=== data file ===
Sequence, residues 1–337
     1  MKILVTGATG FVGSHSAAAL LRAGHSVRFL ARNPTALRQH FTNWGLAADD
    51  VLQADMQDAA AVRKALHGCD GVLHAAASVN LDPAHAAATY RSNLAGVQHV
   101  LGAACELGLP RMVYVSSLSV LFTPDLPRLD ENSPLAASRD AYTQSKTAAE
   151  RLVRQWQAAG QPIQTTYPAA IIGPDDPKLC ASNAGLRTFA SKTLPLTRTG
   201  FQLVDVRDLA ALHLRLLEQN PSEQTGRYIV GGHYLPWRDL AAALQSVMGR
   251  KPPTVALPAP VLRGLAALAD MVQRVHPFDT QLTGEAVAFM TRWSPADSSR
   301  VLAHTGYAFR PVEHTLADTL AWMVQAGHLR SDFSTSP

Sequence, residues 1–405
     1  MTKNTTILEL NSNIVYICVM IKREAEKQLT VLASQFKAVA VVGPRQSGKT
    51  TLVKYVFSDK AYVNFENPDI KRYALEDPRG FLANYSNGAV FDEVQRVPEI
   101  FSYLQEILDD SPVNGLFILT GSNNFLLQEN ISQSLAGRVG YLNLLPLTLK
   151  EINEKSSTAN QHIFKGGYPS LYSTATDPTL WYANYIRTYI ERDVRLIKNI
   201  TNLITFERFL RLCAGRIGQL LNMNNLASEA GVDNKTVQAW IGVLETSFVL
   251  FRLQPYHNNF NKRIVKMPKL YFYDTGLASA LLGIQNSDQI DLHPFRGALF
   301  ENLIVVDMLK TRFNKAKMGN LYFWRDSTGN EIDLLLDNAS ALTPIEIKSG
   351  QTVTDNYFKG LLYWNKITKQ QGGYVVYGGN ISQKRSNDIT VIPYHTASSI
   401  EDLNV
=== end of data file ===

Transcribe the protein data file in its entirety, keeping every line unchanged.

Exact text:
Sequence, residues 1–337
     1  MKILVTGATG FVGSHSAAAL LRAGHSVRFL ARNPTALRQH FTNWGLAADD
    51  VLQADMQDAA AVRKALHGCD GVLHAAASVN LDPAHAAATY RSNLAGVQHV
   101  LGAACELGLP RMVYVSSLSV LFTPDLPRLD ENSPLAASRD AYTQSKTAAE
   151  RLVRQWQAAG QPIQTTYPAA IIGPDDPKLC ASNAGLRTFA SKTLPLTRTG
   201  FQLVDVRDLA ALHLRLLEQN PSEQTGRYIV GGHYLPWRDL AAALQSVMGR
   251  KPPTVALPAP VLRGLAALAD MVQRVHPFDT QLTGEAVAFM TRWSPADSSR
   301  VLAHTGYAFR PVEHTLADTL AWMVQAGHLR SDFSTSP

Sequence, residues 1–405
     1  MTKNTTILEL NSNIVYICVM IKREAEKQLT VLASQFKAVA VVGPRQSGKT
    51  TLVKYVFSDK AYVNFENPDI KRYALEDPRG FLANYSNGAV FDEVQRVPEI
   101  FSYLQEILDD SPVNGLFILT GSNNFLLQEN ISQSLAGRVG YLNLLPLTLK
   151  EINEKSSTAN QHIFKGGYPS LYSTATDPTL WYANYIRTYI ERDVRLIKNI
   201  TNLITFERFL RLCAGRIGQL LNMNNLASEA GVDNKTVQAW IGVLETSFVL
   251  FRLQPYHNNF NKRIVKMPKL YFYDTGLASA LLGIQNSDQI DLHPFRGALF
   301  ENLIVVDMLK TRFNKAKMGN LYFWRDSTGN EIDLLLDNAS ALTPIEIKSG
   351  QTVTDNYFKG LLYWNKITKQ QGGYVVYGGN ISQKRSNDIT VIPYHTASSI
   401  EDLNV